Currently, the pathogenesis of vulvar cancer is dichotomous. Usual-type VIN(uVIN) are usually defined by high-risk HPV infection. Differentiated vulvar intraepithelial neoplasia(dVIN)are associated with TP53 mutations. However, there are a significant, albeit small, subset of vulvar carcinomas exhibits the absence of HPV infection and mutations in TP53. In such occasions, the term ‘atypical verruciform hyperplasia’ is often applied. In 2017, CP Crum et al propose using the term ‘DE-VIL’ to redefine these atypical verruciform lesion group owing to their unique morphologic and genetic characteristics relative to differentiated and usual VIN .
DVIN, VAAD and DE-VIL were belong to the precursor lesions of HPV-independent VSCC. DE-VIL show prominent acanthosis and papillomatosis, but minimal atypia. Complete loss of the granular layer in some areas often been showed in DE-VIL. Due to its presence of plaque-like parakeratosis, lack of atypia, lack of premature keratinisation and the background of lichen sclerosus(LS) as seen in dVIN, it is different from dVIN. Meanwhile, high nuclear-to-cytoplasmic ratios, pleomorphism, hyperchromasia, apoptotic bodies and mitoses are also absent, hinting that DE-VIL is completely different from uVIN. In this study, our case report showed the similar features,meeting the criteria for DE-VIL.However, an interesting detection was that small significant cytological atypia extending into the upper layers of the epithelium was showed in the vicinity of verruciform lesion, mimicking HSIL. And the same immunochemical patterns was showed in this small lesion when compared with the verruciform lesion.Whether it is a rare subtype of DE-VIL or only a accompanying status is still pending. To date, no other study had reported this phenomenon. Someone suggested that the morphological features of HPV-independent and HPV-associated precursor lesions can overlap, based on HE Staining. Perhaps, it can be used to explain that phenomenon in our case report.
As the important differential diagnosis of DE-VIL,VAAD should been paid more attention for gynaecological pathologists. Although a vast majority of VAAD lesions displayed histologic overlap with DE-VIL. Some molecular studies showed that they maybe two unique entities. Specifically, VAAD has been showed a high percentage of HRAS (71.4%) and NOTCH1 (28.6%) mutations. However, DE-VILs are associated with activating PIK3CA mutations, which have been revealed in 73% of lesions, and only 7% of lesions have identified HRAS mutations . Some authors prefer the term DE-VIL over VAAD when the criteria for DE-VIL are met for diagnostic purposes. Due to the rare occurrence of DE-VIL, further studies are required to reveal the difference between these lesions.
A growing number of relevant studies have focused on genetic and epigenetic alterations in vulvar cancer. TP53 mutations and HPV status may play important roles in the carcinogenesis of VSCC. There were many studies reported positive expression of p53 in 66–100% of dVIN[11–13]. Meanwhile, Trietsch et al stated TP53 mutations were showed in 3% of HPV-positive VIN and 21% of HPV-negative VIN . So it was obvious that part of HPV-independent VSCC did’t follow the TP53 pathway. DE-VIL exhibited the absence of HPV infection and mutations in TP53, it was concordant with that result. On the other hand, as a surrogate marker for high-risk HPV infection, the positive expression of P16 associated extremely well with high-risk HPV status [11,12,14 ]. The positive staining pattern must be strong, diffuse and continuous (nuclear and cytoplasmic). Otherwise, we should assess the negative staining of P16. Our case showed wild-type p53 immunostaining and negative expression of P16,so further support the diagnosis of DE-VIL.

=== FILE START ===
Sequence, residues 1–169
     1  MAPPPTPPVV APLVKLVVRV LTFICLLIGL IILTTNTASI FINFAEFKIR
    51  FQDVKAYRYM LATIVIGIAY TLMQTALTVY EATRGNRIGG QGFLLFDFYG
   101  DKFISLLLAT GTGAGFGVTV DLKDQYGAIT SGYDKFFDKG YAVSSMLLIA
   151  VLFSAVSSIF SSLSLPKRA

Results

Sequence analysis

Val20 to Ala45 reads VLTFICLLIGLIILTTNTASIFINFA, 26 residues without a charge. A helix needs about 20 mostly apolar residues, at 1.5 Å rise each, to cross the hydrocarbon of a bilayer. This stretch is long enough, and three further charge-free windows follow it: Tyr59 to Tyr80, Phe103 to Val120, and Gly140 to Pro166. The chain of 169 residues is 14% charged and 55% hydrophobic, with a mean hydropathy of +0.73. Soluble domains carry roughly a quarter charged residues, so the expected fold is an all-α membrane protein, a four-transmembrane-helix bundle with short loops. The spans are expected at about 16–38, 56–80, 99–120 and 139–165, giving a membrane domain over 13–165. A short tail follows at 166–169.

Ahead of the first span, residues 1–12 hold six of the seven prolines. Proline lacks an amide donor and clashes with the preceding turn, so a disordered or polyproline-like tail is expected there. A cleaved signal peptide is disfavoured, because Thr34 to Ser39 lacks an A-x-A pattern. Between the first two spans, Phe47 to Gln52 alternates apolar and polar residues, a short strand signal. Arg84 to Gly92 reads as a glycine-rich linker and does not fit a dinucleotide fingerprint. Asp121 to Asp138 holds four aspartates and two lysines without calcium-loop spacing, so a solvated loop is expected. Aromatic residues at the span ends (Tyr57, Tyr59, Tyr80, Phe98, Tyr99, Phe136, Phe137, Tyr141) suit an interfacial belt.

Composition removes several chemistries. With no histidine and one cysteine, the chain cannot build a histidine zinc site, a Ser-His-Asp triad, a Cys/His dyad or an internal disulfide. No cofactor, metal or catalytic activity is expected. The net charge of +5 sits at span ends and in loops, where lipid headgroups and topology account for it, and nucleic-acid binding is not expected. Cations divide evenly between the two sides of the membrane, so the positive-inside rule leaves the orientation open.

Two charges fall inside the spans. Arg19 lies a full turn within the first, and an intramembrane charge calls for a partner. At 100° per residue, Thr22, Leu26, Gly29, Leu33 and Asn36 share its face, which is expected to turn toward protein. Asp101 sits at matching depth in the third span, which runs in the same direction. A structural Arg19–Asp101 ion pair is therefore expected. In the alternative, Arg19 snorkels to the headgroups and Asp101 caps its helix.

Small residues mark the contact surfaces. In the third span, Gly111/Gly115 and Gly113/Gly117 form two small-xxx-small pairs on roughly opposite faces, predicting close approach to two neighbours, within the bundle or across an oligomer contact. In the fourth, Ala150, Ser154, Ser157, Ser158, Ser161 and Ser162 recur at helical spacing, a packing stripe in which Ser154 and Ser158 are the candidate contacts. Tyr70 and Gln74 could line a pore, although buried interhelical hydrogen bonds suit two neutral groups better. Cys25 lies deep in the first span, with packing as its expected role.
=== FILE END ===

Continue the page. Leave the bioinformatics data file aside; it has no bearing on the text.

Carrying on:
Positive staining of Ki-67 in the basal and suprabasilar layers was showed in uVIN and dVIN . The staining for Ki-67 is much more conspicuous in uVIN and the full thickness of the epithelium was usually been stained[6, 11, 15]. In contrast to the basal expression seen in LS, positive staining of Ki-67 in dVIN were showed in the basal layer and a thin parabasal layer. In our case, Ki-67 stains the nearly full thickness of the epithelium, suggesting that DE-VIL maybe play an important role in the development of vulvar SCC. Moreover, no lymphatic metastasis or recurrence has been showed in our case to date.Therefore, complete excision and monitoring for progression is recommended in all cases of DE-VIL.
In a conclusion, as the precursor lesions of HPV-independent VSCC, DE-VIL demonstrated considerable morphologic overlap with VAAD, so additional study was required to delineate if they are independent entity. Meanwhile, DE-VIL was too difficult to diagnosis due to the lack of sufficient evidence. Therefore, we should pay more and more attention for DE-VIL. Moreover, an interesting phenomenon was found in our report: a small lesion showed similar morphologic feature to HSIL nearby the lesion of DE-VIL.However, it showed same immunochemical patterns with DE-VIL. Explanation of this phenomenon is still unclear, so further investigation is needed.